Co-op boss warns grocery shortages at ‘worst level ever seen’ amid empty-shelf crisis

CO-OP’s worried boss has warned grocery shortages have hit the “worst level ever seen” amid the UK’s empty-shelf crisis.

It comes a week after restaurant chain Nando’s shut almost 50 restaurants because of reduced chicken supplies.

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Shoppers are getting used to seeing empty shelves, including in Co-op stores[/caption]
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Co-op’s boss warned food shortages are at a ‘worst level’[/caption]

Retailers and restaurants chains, including Subway, Iceland, KFC, Greggs and McDonald’s, have all been hit by product deficits as meat packers and other manufacturers have also faced significant worker shortages.

Plus our boozers are also running dry.

Steve Murrells, CEO of the Co-operative Group, said the retailer has significantly reduced its range of some products.

The 56-year-old told the Times: “The shortages are at a worse level than at any time I have seen.”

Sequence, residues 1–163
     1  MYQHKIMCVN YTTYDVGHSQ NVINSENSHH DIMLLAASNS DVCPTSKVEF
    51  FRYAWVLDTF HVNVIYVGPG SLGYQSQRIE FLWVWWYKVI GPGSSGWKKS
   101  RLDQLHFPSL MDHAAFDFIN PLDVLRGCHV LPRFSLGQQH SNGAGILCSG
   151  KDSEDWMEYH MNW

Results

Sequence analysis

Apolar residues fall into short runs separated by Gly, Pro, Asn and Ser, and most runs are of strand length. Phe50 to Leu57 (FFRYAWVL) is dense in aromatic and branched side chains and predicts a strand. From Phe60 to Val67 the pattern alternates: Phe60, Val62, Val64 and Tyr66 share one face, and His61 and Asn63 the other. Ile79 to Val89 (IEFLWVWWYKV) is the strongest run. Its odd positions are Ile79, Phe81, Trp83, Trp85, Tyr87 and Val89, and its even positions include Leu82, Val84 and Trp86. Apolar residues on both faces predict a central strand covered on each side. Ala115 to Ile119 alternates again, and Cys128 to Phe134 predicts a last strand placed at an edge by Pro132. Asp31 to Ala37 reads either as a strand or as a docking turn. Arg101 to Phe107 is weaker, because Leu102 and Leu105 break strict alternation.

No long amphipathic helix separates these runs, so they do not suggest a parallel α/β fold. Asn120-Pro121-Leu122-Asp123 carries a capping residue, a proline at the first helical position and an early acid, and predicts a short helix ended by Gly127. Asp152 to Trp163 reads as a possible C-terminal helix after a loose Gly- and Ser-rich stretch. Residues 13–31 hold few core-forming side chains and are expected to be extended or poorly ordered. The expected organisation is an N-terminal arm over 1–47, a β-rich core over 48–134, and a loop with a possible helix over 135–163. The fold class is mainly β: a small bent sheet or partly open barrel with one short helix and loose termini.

Mr Murrells blamed the supply disruption on “Brexit and issues caused by Covid”.

He also said the firm was retraining staff as lorry drivers in a desperate bid to help fill vacant roles – but shoppers will face less choice in the meantime.

Road haulage bosses have estimated there is currently a mammoth shortfall of some 100,000 drivers.

This is partly caused by the exit from the UK during the Covid pandemic of thousands of EU drivers who have not yet returned.

The shortages are at a worse level than at any time I have seen.

Steve Murrells, CEO, Co-op

Industry groups have also said training of new, replacement drivers will take months, making the shortfall in numbers difficult to resolve quickly.

Labour shortages, which have also hit meat packing and fruit picking jobs, have caused shops and fast food restaurants to struggle for stock.

Subway and McDonald’s are some of the latest victims of the shortages.

Sandwich shop chain Subway said it has seen “minor supply chain shortages” but stressed it has ensured that disruption to customers is minimal.

NO MILKSHAKES

Meanwhile, McDonald’s ran out of milkshakes in most of its UK restaurants due to the ongoing supply problems.

The burger chain has also been left without bottled drinks across its 1,250 outlets in England, Scotland and Wales.